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Food & Drink

Recipe: Summer salmon, out with the old and in with the new

  • Author: Kim Sunée
  • Updated: September 29, 2016
  • Published May 28, 2013

This is the time of year when Alaskans eagerly share the wealth of last year's bounty to make way for the new salmon season. I'm always happy to help out when there's too much salmon. Since I didn't grow up here, I'm still basking in the abundance of this rich and flavorful natural wonder.

Luckily, I have generous friends and neighbors who share everything from sweet and succulent opilio crab and salmon (thanks Danny and Carrie!) to wild greens, berry jam, and halibut. As with most dishes, when you have the best quality ingredients, i.e. wild caught salmon, you don't need much to dress it up.

But, first things first. There's nothing worse than dry, overcooked seafood. If you prefer yours more on the cooked side, by all means, take it to the desired temperature, but the steps in the recipe below will result in salmon cooked medium or medium rare.

Because salmon is an oiler fish and considered less delicate than, for instance, cod, it can hold up to robust flavors, like spiced rubs and bright acidic sauces, including the Italian salsa verde recipe below.

Pan-Seared Alaska Salmon with Italian Salsa Verde


Salsa Verde (makes 1 cup)

1 1/2 cups tightly packed herbs
2 tablespoons capers
Juice of 1 lemon (about 1/4 cup)
1/3 cup olive oil, preferably extra virgin
Optional: 1 chopped jalapeño, 1 to 2 cloves fresh garlic, minced

The Salmon (makes 4 servings)

4 salmon filets, skin on (about 3 to 4 ounces each)
Salt and fresh ground black pepper, to taste
1 to 2 tablespoons olive oil


1. Make the Salsa Verde: In the bowl of a food processor or blender, combine herbs, capers, and jalapeño or garlic, if using, and blend just to combine. Add lemon juice and with the processor or blender running, slowly add in the olive oil just until combined. Taste and add more lemon or olive oil, as needed. Set aside. Note: You can also make this in a mortar and pestle; drizzle in oil at the end.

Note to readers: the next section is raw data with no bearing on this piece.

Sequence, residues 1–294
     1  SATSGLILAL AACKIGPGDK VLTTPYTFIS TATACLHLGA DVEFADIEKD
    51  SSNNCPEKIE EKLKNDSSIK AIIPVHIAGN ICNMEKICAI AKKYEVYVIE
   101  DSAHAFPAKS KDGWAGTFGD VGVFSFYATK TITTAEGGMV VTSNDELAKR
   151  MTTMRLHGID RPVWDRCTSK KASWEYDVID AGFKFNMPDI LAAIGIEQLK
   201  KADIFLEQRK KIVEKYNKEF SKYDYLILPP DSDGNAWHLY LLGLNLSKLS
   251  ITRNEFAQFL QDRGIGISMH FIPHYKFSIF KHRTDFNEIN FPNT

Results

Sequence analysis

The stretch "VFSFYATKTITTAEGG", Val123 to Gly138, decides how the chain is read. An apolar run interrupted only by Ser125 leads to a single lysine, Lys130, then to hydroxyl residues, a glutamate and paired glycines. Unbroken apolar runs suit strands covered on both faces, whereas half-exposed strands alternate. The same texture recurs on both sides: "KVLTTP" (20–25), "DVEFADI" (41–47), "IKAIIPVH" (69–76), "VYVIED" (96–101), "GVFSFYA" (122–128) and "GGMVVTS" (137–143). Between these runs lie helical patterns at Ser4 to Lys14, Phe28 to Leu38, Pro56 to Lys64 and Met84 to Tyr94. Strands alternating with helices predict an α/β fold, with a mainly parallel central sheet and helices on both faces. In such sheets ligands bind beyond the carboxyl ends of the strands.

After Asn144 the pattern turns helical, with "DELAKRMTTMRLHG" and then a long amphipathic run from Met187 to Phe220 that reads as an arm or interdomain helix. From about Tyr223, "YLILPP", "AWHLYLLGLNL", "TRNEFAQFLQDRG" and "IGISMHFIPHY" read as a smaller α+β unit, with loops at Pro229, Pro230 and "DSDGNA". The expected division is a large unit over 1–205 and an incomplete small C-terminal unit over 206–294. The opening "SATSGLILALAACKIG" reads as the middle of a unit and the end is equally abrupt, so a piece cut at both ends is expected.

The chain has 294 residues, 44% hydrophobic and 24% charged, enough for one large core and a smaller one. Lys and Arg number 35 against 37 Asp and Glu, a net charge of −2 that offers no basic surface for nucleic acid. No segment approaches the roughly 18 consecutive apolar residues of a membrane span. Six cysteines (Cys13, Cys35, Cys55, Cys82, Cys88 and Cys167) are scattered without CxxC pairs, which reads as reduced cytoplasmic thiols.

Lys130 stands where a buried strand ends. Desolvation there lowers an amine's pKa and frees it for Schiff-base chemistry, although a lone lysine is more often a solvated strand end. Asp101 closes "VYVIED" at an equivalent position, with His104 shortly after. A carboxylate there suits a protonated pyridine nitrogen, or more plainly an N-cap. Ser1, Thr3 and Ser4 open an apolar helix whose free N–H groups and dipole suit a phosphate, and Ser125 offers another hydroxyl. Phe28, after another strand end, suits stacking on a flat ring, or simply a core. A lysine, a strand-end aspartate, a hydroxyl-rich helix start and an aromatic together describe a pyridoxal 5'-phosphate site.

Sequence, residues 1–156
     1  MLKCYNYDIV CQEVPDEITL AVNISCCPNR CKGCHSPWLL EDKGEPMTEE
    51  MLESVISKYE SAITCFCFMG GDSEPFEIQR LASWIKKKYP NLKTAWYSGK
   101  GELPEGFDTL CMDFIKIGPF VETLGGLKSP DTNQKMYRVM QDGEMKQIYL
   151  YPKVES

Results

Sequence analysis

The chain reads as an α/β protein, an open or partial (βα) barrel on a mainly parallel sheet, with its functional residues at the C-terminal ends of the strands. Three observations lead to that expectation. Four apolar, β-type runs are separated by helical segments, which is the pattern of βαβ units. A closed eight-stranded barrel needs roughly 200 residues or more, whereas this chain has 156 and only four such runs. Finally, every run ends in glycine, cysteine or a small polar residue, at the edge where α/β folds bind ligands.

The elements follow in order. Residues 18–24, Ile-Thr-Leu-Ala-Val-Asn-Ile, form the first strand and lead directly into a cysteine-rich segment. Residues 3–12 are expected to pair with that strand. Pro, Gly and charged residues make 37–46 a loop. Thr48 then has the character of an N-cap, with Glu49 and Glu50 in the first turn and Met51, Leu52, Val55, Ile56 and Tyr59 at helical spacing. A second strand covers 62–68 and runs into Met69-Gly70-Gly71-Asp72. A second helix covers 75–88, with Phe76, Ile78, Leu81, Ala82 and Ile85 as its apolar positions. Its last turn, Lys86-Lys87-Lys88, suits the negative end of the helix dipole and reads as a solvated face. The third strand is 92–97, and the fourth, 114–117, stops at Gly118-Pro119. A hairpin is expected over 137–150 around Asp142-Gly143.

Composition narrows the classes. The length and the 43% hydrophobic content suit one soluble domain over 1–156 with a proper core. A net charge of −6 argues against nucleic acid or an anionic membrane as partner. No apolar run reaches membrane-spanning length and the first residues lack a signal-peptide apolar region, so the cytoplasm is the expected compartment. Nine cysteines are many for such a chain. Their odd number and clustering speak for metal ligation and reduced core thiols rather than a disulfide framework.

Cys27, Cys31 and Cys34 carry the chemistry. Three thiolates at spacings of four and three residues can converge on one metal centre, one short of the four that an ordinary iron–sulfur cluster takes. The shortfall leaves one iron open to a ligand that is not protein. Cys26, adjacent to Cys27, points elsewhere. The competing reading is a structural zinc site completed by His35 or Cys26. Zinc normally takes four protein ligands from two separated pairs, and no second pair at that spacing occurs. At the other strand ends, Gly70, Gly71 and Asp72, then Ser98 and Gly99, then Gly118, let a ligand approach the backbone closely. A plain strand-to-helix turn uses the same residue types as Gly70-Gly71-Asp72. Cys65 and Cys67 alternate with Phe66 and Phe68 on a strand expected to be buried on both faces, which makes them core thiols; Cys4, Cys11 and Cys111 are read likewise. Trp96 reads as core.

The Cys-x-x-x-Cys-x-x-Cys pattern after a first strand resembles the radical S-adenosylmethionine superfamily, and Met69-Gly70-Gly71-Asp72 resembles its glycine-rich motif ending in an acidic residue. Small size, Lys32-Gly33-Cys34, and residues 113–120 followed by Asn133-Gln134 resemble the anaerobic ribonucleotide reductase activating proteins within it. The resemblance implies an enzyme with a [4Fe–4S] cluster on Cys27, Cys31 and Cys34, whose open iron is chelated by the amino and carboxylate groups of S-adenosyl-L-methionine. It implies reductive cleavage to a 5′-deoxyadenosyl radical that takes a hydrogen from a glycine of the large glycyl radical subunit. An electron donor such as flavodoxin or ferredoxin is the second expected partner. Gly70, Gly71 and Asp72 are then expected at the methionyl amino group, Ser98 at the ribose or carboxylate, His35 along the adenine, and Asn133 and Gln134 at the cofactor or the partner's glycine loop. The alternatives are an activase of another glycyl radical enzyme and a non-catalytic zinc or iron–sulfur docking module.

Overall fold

2. Pat salmon filets dry with paper towel. Season generously with salt and pepper on both sides. (You can also score the skin using a sharp knife point for a pretty presentation, skin side up.) Heat olive oil in a large heavy skillet over medium-high heat until oil starts to shimmer but not smoke. Place salmon, skin side down and cook, undisturbed, 5 minutes. Decrease heat if you notice the skin browning much faster than the meat is cooking or if the pan starts smoking. Check the skin and if crispy, turn gently to the other side and let cook another minute for medium-rare or until cooked to desired doneness. If cooking salmon in batches, keep cooked filets warm by tenting with foil. Heat the remaining olive oil in pan and cook remaining filets.

3. Top with Italian Salsa Verde, garnish with lemons and serve at once.

Alaska is also home to many food lovers who share recipes on their websites, including these delicious ways to serve forth your salmon, whether last year's catch or from the new season:

1. Blackened Salmon Tacos by Alaska from Scratch

2. Laurie Constantino's Salmon with Rosemary Honey (video and recipe)

3. Smoked Salmon Corn Chowder from Nicole Pearce of Fairbanks

4. Alaska Seafood Cake from Chef Rob Kineen of Fresh 49.

Kim Sunée is the author of the national bestseller, "Trail of Crumbs: Hunger, Love, and the Search for Home." She worked as a food editor for the magazines Southern Living and Cottage Living, and her writing has appeared in Food & Wine, The Oxford American, and Asian American Poetry and Writing. She has appeared several times as a guest judge on Food Network's "Iron Chef America" and is currently based in Anchorage, where she's working on a cookbook to be published in 2014. For more food and travel, visit

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